Here’s a quiz question: Name the only Indian currently on ICC’s Test umpiring panel? The correct answer is S Ravi but chances are that a large chunk of our cricket-loving junta and most BCCI/COA members will be clueless! Ignorance and apathy about umpires is hardly a surprise. In Indian cricket’s ecosystem umpires are ‘extras’, who are given zero priority in a multi-starrer featuring megastars.
This neglect is baffling because the umpire is central to cricket, tasked by laws to ‘control’ the game. But ground reality is different: Forget respect, the men in white are abused, insulted and sledged viciously on the field. The era when players gracefully accepted umpiring decisions is history.
A common thread in conversations with umpires is the stress they have to handle. Fielding sides ‘work’ on umpires to extract favourable decisions and apart from the usual chatter over leg-before decisions, caught behind edges and bat/pad catches, Indian umpires face additional tests.
The laws of cricket grant batsmen the benefit of the doubt but in domestic cricket, star players get the benefit even when there is NO doubt. The power structure of Indian cricket is such that only a very brave (or silly) umpire will raise his finger to rule a top player LBW.
Challenged by players and technology, umpires are under further scrutiny now that BCCI match referees sit on judgment to review their performance. Not many survive the heat, which is one reason the experiment of fast-tracking ex-players into umpiring mainstream hasn’t produced results.
Strangely, umpires are on the backfoot from the beginning, not given training or tools to carry out their duties. The BCCI created the Nagpur National Umpiring Academy as a coaching institute but the academy is sadly defunct, a sick unit in lockdown.
BCCI chooses umpires through an examination and the 120-strong panel is slotted into four grades. Based on the number of days employed (approximately 50-60) the annual ‘take home’ of umpires ranges between Rs 20-25 lakhs. For those who make the IPL cut, the figure is considerably higher: match fees for a league game is Rs 2.5 lakhs!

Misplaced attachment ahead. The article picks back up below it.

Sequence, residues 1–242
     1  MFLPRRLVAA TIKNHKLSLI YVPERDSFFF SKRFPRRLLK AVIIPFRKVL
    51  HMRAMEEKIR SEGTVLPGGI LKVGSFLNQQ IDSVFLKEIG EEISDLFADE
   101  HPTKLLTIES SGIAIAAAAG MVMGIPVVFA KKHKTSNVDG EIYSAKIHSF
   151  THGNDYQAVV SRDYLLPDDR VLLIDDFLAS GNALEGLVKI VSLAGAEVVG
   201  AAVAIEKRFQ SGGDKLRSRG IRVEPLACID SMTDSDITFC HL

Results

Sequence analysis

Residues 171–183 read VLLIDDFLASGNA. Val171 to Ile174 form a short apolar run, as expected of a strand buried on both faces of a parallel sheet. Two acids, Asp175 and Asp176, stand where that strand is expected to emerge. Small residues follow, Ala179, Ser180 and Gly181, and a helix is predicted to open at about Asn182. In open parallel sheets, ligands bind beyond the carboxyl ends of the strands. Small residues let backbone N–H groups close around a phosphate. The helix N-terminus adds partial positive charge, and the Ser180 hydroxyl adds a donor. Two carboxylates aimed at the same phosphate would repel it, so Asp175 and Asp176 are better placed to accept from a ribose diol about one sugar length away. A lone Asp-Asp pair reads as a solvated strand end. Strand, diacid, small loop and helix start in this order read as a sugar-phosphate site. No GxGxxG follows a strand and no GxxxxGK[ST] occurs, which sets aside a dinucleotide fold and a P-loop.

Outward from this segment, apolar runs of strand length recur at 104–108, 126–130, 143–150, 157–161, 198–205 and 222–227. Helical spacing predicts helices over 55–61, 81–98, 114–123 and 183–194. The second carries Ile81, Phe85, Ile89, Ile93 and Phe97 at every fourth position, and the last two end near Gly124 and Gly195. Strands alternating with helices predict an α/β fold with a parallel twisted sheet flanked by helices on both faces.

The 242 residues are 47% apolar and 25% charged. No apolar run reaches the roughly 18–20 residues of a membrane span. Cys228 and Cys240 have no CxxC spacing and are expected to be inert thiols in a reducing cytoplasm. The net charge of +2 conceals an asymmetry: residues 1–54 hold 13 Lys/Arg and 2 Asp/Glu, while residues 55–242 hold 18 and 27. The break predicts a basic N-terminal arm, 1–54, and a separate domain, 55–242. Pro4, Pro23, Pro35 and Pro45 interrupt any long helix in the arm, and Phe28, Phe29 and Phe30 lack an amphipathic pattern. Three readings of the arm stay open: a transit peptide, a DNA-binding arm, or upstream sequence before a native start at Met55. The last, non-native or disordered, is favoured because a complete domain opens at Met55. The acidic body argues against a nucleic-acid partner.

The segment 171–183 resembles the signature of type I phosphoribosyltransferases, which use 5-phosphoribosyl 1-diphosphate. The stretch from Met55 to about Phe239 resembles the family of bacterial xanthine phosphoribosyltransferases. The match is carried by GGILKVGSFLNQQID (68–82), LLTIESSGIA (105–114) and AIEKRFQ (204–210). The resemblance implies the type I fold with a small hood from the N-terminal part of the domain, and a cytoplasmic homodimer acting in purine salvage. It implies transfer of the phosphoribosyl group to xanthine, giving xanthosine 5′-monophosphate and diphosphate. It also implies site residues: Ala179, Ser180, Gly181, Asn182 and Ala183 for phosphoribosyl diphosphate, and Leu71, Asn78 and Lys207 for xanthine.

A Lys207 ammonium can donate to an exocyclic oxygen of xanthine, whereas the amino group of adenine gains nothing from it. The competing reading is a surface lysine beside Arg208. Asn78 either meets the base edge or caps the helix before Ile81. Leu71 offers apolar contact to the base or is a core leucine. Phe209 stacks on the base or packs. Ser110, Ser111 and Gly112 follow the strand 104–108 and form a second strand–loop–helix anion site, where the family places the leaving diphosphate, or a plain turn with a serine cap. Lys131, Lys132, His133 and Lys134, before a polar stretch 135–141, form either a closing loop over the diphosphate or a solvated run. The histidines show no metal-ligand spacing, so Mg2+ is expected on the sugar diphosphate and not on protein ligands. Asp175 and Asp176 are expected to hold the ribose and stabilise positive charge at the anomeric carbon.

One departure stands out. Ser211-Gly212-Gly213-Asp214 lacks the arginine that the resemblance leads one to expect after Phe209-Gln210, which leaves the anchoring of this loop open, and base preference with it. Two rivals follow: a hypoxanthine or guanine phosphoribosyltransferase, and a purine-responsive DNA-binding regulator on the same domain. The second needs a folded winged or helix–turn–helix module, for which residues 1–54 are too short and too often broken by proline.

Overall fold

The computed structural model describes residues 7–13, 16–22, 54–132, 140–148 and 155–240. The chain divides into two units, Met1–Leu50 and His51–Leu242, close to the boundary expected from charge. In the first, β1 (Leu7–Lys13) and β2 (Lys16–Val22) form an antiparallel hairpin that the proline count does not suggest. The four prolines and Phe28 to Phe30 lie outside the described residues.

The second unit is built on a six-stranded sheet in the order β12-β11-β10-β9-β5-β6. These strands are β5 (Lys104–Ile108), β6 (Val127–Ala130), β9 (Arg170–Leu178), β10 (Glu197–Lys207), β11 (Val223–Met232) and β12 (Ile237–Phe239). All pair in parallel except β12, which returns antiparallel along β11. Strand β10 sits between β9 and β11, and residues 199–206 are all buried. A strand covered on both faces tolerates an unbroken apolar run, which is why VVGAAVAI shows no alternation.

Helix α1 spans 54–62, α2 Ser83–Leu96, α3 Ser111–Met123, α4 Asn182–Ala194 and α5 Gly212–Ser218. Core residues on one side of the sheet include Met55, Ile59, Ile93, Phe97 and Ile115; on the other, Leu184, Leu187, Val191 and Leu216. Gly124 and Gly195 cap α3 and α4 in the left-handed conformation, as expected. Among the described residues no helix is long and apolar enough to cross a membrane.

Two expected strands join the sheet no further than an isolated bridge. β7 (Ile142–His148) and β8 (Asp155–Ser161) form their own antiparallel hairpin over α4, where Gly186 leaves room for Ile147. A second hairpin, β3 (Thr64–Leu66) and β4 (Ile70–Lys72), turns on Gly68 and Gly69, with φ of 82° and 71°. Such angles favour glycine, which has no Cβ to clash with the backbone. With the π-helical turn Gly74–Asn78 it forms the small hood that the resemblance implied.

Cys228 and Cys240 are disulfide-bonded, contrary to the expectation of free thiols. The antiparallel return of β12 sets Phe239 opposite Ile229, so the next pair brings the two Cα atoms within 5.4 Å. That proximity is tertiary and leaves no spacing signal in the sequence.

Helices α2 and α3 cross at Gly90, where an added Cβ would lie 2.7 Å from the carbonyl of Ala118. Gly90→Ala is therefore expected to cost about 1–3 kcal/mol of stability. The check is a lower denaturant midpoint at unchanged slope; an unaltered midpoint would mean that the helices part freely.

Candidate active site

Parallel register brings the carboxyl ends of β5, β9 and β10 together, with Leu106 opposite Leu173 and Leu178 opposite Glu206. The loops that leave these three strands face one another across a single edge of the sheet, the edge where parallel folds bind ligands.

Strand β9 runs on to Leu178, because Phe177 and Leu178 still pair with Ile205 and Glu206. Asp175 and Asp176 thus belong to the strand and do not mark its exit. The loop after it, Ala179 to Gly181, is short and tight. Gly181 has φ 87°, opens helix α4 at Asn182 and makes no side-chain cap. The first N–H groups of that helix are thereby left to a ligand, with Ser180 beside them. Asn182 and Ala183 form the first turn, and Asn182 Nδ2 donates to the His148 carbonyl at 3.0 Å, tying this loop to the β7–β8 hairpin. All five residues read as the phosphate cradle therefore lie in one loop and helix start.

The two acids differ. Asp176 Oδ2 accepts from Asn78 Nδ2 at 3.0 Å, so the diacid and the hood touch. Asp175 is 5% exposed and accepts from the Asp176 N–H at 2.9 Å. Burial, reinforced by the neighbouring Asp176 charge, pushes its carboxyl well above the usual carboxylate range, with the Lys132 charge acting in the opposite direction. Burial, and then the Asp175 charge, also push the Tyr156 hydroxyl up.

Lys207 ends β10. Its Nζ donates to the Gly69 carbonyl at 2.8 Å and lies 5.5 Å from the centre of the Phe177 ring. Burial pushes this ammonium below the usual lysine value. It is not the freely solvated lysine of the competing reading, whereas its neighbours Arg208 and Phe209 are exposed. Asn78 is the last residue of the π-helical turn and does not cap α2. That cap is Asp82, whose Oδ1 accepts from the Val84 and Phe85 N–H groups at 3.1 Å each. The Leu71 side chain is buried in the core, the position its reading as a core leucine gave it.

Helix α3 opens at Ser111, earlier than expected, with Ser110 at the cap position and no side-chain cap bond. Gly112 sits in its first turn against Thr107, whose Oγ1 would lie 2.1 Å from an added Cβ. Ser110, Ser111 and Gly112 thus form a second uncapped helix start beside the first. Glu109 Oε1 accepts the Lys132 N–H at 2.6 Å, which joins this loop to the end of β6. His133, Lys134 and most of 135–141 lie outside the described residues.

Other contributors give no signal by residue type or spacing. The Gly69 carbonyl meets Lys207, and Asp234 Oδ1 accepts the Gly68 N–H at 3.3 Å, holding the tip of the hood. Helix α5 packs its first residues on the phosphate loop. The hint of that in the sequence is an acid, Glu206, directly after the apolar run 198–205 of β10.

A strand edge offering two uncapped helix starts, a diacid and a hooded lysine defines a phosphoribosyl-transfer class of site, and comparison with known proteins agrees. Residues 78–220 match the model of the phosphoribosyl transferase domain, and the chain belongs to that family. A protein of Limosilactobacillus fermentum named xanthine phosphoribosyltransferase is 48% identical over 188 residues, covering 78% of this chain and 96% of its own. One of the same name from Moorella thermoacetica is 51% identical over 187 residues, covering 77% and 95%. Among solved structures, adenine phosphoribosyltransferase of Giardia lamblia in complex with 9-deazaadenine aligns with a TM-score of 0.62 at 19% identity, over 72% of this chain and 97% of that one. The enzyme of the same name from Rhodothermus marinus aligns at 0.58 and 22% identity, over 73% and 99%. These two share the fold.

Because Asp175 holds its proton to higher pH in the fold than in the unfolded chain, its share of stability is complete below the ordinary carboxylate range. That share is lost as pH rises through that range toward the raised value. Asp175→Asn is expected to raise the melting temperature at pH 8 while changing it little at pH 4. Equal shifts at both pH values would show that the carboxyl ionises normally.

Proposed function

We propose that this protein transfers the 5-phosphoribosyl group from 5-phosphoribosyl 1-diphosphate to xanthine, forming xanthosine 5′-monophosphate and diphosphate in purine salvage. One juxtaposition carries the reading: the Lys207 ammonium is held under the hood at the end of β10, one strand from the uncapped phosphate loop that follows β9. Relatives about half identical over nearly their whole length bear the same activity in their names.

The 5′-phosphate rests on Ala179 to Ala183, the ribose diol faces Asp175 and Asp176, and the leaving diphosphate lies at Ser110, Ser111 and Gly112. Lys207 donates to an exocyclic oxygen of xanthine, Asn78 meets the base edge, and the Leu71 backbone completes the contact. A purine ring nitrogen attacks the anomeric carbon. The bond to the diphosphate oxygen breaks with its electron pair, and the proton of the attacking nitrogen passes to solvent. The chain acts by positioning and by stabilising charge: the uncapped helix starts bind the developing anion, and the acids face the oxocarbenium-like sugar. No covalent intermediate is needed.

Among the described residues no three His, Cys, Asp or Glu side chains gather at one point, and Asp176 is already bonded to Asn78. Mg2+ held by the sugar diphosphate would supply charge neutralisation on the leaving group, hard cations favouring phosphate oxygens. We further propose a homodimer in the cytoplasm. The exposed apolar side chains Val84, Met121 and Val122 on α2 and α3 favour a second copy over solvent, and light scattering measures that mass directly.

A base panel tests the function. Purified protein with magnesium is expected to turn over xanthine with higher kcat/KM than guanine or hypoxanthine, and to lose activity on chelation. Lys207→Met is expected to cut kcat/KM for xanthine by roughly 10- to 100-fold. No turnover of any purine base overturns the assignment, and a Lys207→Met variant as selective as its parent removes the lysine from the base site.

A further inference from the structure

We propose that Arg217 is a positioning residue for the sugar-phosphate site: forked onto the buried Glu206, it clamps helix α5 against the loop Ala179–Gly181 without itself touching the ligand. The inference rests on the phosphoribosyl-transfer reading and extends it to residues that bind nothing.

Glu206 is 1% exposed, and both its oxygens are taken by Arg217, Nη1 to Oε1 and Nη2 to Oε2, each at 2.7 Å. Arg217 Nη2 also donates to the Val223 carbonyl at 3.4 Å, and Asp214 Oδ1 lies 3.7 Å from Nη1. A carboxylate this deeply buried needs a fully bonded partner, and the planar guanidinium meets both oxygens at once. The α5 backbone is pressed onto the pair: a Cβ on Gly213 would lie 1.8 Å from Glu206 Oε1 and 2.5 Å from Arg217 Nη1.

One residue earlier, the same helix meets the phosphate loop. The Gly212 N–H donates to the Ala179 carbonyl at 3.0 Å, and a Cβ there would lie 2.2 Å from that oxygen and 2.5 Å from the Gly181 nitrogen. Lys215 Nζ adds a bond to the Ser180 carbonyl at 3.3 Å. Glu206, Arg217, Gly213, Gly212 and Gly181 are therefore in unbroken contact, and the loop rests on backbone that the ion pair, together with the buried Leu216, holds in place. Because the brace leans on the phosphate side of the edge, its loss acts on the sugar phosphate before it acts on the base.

The money is good but the process of entry and exit is bad as it allows wrong persons get in and forces good ones to leave. The written exam is cracked by smart candidates with theoretical knowledge but no practical experience. And BCCI’s retirement policy pushes out experienced umpires even when fit. As a result, Indian cricket is handicapped by poor umpiring and there are horror stories of umpires overlooking no balls and some who can’t hear or see properly. In the absence of a rigorous system of judging technical competence or medical fitness, some umpires are literally playing with the careers of players.
ASSURE A FUTURE
To change things around, BCCI must invest in the HR potential, training and education of umpires. Also offer them annual contracts as part of a transparent system of performance review, fitness tests and a clear career progression plan.
Much more critical is the need is to give umpires respect instead of treating them like petty employees. Umpires ought to be liberated from the tyranny of players and indifferent officials.
The BCCI top brass meets the Indian team in full media glare and issues — contracts, for example — are immediately resolved. The annual Ranji captain/coaches conclave is another high profile event but umpires/umpiring gets little attention.
Till that happens, S Ravi and other senior umpires will remain unknown and anonymous.